Multitasking: pros and cons

THE effort to complete two or more things at the same time is known as multitasking, and it frequently culminates in task switching or leaving one unfinished activity to do another. Multitasking has become ingrained in our culture. Everyone has done it at some point in their life. It is an issue that frequently sparks controversy. Multitasking can help us complete numerous chores on our to-do list, but can doing so impair our capacity to complete those jobs well? We are all aware that multitasking may be done in both positive and negative ways. While multitasking might make work simpler at times, it can also lower overall productivity.


Creates a habit of adaptability

Adaptability to changing conditions is more vital than ever. Something might change in a moment, and individuals must be able to think quickly on their feet, assess the issue, and devise the best answer. Multitasking necessitates the simultaneous execution of various thinking chains, allowing for the development of adaptive habits in order to make rapid, precise judgments.

Increased efficiency

Multitasking allows you to do several tasks in less time. A professional can multitask, while a trainee learns and completes one duty. There are several ordinary jobs that need multitasking. For example, checking and replying to all emails may be done at the same time.

Saves time

One of the most obvious and significant advantages of multitasking is the ability to save time. Rather than performing one thing after another, you might combine jobs to get everything done fast. Drinking your coffee while watching your favourite show, for example, allows you to save at least 30 minutes of your day. Multitasking encourages people to devote more time to activities they like, such as family or hobbies.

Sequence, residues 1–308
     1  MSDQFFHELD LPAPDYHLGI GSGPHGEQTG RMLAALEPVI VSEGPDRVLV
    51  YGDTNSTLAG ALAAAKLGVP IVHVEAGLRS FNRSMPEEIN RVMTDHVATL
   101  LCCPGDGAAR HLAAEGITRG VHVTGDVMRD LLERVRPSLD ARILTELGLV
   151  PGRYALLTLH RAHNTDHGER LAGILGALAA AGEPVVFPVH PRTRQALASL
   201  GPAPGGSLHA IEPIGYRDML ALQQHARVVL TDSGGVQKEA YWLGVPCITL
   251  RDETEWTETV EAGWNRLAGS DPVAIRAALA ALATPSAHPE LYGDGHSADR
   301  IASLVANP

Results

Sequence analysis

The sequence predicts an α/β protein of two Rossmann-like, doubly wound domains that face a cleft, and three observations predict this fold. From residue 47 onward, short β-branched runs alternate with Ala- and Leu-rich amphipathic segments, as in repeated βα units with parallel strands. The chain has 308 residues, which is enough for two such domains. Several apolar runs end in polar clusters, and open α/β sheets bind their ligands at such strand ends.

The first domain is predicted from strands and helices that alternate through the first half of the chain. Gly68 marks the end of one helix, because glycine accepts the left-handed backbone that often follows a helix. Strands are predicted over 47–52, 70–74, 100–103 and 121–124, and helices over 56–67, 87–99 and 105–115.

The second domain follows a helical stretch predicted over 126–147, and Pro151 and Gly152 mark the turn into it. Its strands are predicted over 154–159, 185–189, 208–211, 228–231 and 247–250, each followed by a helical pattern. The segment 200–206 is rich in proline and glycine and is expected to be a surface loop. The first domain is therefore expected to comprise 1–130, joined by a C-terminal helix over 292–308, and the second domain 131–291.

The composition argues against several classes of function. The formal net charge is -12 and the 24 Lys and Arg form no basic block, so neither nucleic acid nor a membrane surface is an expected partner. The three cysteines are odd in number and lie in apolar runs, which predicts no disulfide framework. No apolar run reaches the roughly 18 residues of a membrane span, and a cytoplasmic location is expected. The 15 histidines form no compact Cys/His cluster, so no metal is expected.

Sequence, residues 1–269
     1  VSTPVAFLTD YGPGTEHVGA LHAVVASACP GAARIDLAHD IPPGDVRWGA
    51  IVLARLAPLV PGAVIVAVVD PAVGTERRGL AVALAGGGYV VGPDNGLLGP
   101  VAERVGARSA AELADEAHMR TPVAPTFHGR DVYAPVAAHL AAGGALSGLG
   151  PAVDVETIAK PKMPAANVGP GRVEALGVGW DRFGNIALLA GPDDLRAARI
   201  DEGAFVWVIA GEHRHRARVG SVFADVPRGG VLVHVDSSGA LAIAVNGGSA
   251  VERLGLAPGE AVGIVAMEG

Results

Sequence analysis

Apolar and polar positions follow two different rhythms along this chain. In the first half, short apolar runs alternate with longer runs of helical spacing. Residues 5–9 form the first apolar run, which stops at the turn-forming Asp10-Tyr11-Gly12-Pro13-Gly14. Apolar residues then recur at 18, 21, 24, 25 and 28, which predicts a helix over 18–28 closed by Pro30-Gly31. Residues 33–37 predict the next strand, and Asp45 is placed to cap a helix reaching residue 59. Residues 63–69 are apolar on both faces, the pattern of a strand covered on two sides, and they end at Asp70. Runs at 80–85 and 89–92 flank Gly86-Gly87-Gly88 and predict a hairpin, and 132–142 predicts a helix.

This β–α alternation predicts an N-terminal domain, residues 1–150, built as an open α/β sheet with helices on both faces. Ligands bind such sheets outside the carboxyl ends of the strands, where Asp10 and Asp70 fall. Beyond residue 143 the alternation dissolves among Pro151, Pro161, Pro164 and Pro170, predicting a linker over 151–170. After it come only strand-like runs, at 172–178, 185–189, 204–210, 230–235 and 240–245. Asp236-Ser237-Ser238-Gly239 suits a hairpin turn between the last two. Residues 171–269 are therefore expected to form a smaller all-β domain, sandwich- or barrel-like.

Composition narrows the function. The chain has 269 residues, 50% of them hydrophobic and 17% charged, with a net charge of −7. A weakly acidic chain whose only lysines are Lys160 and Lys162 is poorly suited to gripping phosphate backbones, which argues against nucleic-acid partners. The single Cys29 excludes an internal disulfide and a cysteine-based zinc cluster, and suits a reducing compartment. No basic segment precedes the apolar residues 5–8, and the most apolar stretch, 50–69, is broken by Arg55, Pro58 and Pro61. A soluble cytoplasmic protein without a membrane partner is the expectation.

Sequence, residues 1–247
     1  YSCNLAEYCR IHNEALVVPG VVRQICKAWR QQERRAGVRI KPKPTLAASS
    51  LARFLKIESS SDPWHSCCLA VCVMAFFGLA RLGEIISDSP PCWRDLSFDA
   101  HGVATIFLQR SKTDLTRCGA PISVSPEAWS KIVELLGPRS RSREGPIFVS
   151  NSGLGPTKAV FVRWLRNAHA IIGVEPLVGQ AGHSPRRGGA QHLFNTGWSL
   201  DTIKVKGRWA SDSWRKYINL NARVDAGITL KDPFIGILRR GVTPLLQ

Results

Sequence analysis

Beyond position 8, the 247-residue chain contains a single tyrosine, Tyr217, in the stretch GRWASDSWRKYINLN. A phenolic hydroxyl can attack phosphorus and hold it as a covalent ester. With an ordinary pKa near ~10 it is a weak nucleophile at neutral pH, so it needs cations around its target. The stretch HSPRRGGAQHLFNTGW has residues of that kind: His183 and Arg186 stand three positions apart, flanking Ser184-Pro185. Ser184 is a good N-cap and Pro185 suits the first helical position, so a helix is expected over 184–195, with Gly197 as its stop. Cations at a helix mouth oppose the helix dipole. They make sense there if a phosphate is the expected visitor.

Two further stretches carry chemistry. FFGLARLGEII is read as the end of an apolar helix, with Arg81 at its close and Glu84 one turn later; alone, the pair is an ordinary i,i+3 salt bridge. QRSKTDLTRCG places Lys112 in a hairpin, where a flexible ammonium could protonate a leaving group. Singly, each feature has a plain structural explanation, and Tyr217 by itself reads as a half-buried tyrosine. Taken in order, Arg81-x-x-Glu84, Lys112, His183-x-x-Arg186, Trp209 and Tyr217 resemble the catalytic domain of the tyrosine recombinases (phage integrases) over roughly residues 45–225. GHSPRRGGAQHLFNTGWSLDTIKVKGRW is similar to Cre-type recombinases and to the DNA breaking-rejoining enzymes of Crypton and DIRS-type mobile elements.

Prevents procrastination

When a person is juggling many responsibilities, there is a slim possibility that they may postpone some activity. Some folks will be more driven since they will see what they are accomplishing. This allows all jobs to be completed on time and in accordance with expectations. It is harder to postpone and so waste time when someone is multitasking.


Eliminates certain personal skills

For some, multitasking through modern technology has become so common that they have lost their interpersonal skills. People have social demands that technology cannot meet. Sometimes you need to speak with someone in order to get anything done correctly, and emails are not a substitute for a phone conversation. Even when surrounded by people, excessive multitasking turns a person into an island. Isolation eventually leads to emotions of loneliness, melancholy, and despair, which can lead to mental health issues that must be treated.

Harder to accomplish something that’s important

The majority of multitasking includes the most basic components of a project. This is due to the mind’s intrinsic limitation of what we believe we can and cannot do during the day. We feel really amazing if we get a lot of little things done for a lot of projects because it feels like we did a lot. The only problem is that our minds have duped us into believing this. Despite all of the effort, almost nothing was accomplished.

Increased stress level

Trying to juggle too many tasks at once might raise your stress levels, especially at work. Workplace stress can result in burnout, employee absenteeism, and disability claims. Anxiety connected with multitasking at work can diminish productivity and harm a company’s earnings. It can also emerge as worry, a sense of too much external demand for not getting things done while being split, or dissatisfaction in ourselves for not understanding how to organise ourselves more efficiently.

Increased probability of error

This is a natural result of the multitasking’s lack of attention. Taking on several duties instead of just one increases the likelihood of inaccuracy. Obviously, if our attention span is limited. When you are doing many tasks at once, your mind is divided between them, therefore it’s normal for your blunders to proliferate. Multitaskers are lousy at removing extraneous information. That implies there will almost certainly be some mental cross-fire and overlap across jobs.

Multitasking appears to be a smart notion in many ways: by working on many tasks at once, multitaskers are potentially more productive. However, while multitaskers may appear to be better at their jobs, multitasking can be distracting. If you believe that multitasking is interfering with your life, you may make some modifications to improve your productivity and efficiency. The next time you find yourself multitasking, take a quick inventory of everything you’re attempting to complete. Then, decide which work requires your attention first.